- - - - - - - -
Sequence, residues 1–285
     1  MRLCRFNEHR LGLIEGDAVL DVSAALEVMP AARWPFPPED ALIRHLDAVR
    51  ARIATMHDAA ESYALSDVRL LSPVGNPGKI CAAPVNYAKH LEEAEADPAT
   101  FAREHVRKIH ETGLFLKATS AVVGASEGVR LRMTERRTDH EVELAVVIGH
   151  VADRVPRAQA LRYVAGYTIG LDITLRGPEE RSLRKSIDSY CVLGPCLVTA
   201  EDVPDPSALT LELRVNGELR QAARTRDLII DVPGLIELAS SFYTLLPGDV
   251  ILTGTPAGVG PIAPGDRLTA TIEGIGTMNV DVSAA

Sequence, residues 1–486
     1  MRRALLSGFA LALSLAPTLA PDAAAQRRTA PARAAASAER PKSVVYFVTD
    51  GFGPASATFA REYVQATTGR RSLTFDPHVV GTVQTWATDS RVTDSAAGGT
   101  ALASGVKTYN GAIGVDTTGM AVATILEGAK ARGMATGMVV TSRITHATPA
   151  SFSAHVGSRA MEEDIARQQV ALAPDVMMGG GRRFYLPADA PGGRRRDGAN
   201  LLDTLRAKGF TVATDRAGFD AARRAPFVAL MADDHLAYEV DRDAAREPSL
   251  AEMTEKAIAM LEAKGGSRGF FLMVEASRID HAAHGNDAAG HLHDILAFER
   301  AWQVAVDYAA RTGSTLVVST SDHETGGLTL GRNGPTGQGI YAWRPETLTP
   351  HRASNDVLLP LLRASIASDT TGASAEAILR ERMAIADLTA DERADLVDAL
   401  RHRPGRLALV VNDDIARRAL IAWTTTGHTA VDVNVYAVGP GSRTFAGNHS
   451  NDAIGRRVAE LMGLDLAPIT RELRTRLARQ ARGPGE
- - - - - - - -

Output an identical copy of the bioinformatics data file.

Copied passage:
Sequence, residues 1–285
     1  MRLCRFNEHR LGLIEGDAVL DVSAALEVMP AARWPFPPED ALIRHLDAVR
    51  ARIATMHDAA ESYALSDVRL LSPVGNPGKI CAAPVNYAKH LEEAEADPAT
   101  FAREHVRKIH ETGLFLKATS AVVGASEGVR LRMTERRTDH EVELAVVIGH
   151  VADRVPRAQA LRYVAGYTIG LDITLRGPEE RSLRKSIDSY CVLGPCLVTA
   201  EDVPDPSALT LELRVNGELR QAARTRDLII DVPGLIELAS SFYTLLPGDV
   251  ILTGTPAGVG PIAPGDRLTA TIEGIGTMNV DVSAA

Sequence, residues 1–486
     1  MRRALLSGFA LALSLAPTLA PDAAAQRRTA PARAAASAER PKSVVYFVTD
    51  GFGPASATFA REYVQATTGR RSLTFDPHVV GTVQTWATDS RVTDSAAGGT
   101  ALASGVKTYN GAIGVDTTGM AVATILEGAK ARGMATGMVV TSRITHATPA
   151  SFSAHVGSRA MEEDIARQQV ALAPDVMMGG GRRFYLPADA PGGRRRDGAN
   201  LLDTLRAKGF TVATDRAGFD AARRAPFVAL MADDHLAYEV DRDAAREPSL
   251  AEMTEKAIAM LEAKGGSRGF FLMVEASRID HAAHGNDAAG HLHDILAFER
   301  AWQVAVDYAA RTGSTLVVST SDHETGGLTL GRNGPTGQGI YAWRPETLTP
   351  HRASNDVLLP LLRASIASDT TGASAEAILR ERMAIADLTA DERADLVDAL
   401  RHRPGRLALV VNDDIARRAL IAWTTTGHTA VDVNVYAVGP GSRTFAGNHS
   451  NDAIGRRVAE LMGLDLAPIT RELRTRLARQ ARGPGE